Rep. Tim Ryan: Epic Fails By Capitol Police Brass Led To Breach Of Capitol

U.S. Capitol Police with guns drawn watch as protesters try to break into the House Chamber at the U.S. Capitol on Wednesday, Jan. 6, 2021, in Washington.
U.S. Capitol Police with guns drawn watch as protesters try to break into the House Chamber at the U.S. Capitol on Wednesday, Jan. 6, 2021, in Washington. [J. Scott Applewhite / AP]

The congressional investigation into how a mob was able to breach defenses at the U.S. Capitol on Wednesday is only just beginning to take shape two days later, said Rep. Tim Ryan (D-Ohio), chairman of the appropriations subcommittee that oversees and funds the Capitol Police.

More flexibility and resources may be needed for the day-to-day operations of the Capitol Police for the future, he said, calling Wednesday’s events a series of epic failures.

“There was an absolute epic fail on preparation, there was an epic fail on intelligence and there was an epic fail on — even though you were getting certain intelligence, you should have been prepared for the worst case scenario in this environment,” Ryan said Friday in a Zoom call with reporters from his home in Northeast Ohio.

Ryan mostly commended the rank-and-file members of the Capitol Police, saying they “put up a hell of an effort,” while acknowledging that the force was inconsistent as protesters overwhelemed them, with some officers letting protesters through barriers, others drawing weapons without firing and still others firing shots during the melee.

“The problem we’re having here is with the upper echelon,” Ryan said, saying Capitol Police commanders are to blame for the failure to properly plan.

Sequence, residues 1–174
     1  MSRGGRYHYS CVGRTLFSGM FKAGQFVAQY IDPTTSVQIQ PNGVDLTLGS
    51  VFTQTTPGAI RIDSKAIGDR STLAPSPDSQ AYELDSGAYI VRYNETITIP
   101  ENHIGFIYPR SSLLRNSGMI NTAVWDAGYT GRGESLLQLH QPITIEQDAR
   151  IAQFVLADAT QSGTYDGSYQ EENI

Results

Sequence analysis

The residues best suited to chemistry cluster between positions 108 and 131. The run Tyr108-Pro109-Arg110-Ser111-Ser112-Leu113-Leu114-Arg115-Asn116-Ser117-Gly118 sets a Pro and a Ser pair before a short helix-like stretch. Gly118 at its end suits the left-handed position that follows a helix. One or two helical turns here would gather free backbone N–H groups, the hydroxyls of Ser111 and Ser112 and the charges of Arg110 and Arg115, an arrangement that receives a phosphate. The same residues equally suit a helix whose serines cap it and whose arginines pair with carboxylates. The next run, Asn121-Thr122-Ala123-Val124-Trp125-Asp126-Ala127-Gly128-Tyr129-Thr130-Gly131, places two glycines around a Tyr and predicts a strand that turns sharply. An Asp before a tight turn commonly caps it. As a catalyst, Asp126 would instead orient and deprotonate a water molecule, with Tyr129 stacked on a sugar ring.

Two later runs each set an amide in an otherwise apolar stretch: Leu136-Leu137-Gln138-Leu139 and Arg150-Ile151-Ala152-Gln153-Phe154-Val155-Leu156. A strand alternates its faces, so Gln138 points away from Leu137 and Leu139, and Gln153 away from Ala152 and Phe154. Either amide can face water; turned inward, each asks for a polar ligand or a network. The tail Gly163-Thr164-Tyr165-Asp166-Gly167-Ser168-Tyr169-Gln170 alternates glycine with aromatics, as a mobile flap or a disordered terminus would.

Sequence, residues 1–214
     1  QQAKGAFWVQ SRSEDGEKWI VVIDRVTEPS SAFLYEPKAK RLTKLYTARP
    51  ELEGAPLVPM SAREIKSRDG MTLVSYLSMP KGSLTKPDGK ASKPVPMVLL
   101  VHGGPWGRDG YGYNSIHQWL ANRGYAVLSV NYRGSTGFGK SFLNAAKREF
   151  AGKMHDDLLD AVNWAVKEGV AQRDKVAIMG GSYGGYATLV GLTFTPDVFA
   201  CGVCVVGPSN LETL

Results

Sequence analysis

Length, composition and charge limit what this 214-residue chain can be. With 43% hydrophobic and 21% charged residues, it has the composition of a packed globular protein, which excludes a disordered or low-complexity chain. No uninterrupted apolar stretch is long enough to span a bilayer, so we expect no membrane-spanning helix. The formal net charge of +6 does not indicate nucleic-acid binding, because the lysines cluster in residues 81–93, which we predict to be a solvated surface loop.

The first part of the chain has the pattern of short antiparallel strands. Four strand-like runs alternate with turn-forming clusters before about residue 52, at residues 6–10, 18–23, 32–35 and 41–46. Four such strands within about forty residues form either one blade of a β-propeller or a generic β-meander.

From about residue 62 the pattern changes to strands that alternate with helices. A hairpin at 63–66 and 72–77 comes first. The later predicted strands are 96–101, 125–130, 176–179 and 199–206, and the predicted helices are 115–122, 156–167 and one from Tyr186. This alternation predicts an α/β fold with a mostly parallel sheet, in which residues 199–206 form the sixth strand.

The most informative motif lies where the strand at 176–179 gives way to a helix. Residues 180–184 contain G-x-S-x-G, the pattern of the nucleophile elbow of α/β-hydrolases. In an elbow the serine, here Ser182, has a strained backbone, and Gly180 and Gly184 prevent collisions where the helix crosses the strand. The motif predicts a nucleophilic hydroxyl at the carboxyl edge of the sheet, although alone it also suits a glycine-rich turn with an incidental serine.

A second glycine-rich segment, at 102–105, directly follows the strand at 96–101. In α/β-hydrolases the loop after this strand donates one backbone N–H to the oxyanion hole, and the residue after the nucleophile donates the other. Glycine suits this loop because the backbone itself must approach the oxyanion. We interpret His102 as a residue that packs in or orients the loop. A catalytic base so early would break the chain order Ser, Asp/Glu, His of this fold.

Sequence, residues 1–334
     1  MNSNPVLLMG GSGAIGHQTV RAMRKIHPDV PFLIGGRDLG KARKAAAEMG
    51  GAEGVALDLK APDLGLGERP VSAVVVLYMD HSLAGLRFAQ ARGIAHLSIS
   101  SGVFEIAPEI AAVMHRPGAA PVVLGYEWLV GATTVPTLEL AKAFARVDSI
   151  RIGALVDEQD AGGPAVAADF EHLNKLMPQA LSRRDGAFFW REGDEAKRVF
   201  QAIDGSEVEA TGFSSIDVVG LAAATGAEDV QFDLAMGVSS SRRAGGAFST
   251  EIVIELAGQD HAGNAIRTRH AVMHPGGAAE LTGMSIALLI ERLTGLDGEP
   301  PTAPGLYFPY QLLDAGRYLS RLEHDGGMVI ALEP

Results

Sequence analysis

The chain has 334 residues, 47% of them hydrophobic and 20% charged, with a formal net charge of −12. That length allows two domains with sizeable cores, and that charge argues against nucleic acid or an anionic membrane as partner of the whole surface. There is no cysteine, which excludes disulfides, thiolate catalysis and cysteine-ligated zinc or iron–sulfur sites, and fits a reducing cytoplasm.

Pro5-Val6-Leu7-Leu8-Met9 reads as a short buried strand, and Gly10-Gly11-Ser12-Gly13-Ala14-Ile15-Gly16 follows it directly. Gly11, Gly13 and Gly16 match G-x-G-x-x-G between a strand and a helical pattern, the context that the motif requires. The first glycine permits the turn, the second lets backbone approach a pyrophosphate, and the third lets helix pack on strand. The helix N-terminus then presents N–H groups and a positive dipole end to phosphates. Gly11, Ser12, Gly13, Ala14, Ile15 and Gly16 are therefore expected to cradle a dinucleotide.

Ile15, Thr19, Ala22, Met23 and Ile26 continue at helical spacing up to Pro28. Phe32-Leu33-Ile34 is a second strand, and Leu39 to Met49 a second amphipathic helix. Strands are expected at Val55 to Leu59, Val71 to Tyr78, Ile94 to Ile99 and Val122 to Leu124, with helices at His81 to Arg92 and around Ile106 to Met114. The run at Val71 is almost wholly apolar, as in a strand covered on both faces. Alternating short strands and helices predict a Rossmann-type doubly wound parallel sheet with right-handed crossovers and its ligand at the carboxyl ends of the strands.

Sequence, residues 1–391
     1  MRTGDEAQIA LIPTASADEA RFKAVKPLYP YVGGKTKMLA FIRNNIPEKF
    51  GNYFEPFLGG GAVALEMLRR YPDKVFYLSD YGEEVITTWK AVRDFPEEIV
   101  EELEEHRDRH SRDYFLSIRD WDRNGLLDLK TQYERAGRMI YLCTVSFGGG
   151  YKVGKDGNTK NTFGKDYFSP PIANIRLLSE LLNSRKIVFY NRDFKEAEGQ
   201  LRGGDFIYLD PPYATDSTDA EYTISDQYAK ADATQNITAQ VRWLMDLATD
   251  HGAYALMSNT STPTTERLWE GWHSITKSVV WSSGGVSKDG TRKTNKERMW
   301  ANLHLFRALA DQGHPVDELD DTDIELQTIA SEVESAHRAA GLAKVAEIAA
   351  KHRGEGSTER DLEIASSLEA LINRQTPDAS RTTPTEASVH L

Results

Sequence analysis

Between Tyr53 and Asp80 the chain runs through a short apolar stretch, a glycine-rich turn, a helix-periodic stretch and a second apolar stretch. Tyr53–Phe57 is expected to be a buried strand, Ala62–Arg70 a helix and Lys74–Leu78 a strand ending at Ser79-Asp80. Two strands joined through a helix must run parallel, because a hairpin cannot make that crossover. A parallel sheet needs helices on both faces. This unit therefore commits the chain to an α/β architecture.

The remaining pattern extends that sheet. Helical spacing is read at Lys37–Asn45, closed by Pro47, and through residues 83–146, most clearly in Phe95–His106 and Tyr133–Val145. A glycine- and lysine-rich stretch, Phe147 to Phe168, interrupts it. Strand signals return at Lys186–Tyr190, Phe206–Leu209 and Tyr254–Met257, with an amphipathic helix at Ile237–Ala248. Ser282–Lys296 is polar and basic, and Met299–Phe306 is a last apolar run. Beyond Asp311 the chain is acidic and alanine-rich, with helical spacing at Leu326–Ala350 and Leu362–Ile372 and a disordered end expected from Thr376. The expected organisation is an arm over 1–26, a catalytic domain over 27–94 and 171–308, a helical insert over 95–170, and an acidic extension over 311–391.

“They should have been prepared for the absolute worst and we were told that they were and obviously they weren’t,” he said.

Capitol Police Chief Steven Sund said Thursday he will resign. Capitol Police union leaders have also called for the resignations of his assistant chiefs, Chad Thomas and Yogananda Pittman, a move Ryan said Friday he supported.

“The rank-and-file members of Capitol Police have lost all trust in their leaders. And the most essential thing for law enforcement and military is to have deep, unwavering trust in your leadership and it seems to me that the issues the police union raised with the previous and current chief – at least for the next few days – were largely ignored,” Ryan said. “If the rank and file doesn’t have confidence, then I don’t have confidence.”

House Speaker Nancy Pelosi (D-Calif.) on Friday ordered flags flown at half-staff in honor of Brian Sicknick, the 42-year-old Capitol Police officer who died following Wednesday's attack on the building as members of Congress were preparing to certify the Electoral College’s votes. Sicknick was one of 50 to 60 officers injured in the fray, Ryan said Friday. Fifteen of them were hospitalized.

Ryan said his and other congressional leaders’ main goals as of Friday are two-fold: seeing to prosecutions of the insurrectionists and establishing the proper level of protection for the Jan. 20 inauguration of President-Elect Joe Biden.

While he did not offer details, Ryan said some prosecutions are already moving forward and many more from across the county are expected as federal officials continue to investigate and locate those involved in the siege on the Capitol.

“I don’t want to give you any bad information that hasn’t been confirmed,” Ryan said. “We want to make sure that everyone is prosecuted and that they are prosecuted in a timely manner. That will reduce the threat level for the inauguration. But the main focus has got to be that the inauguration is conducted safely.”

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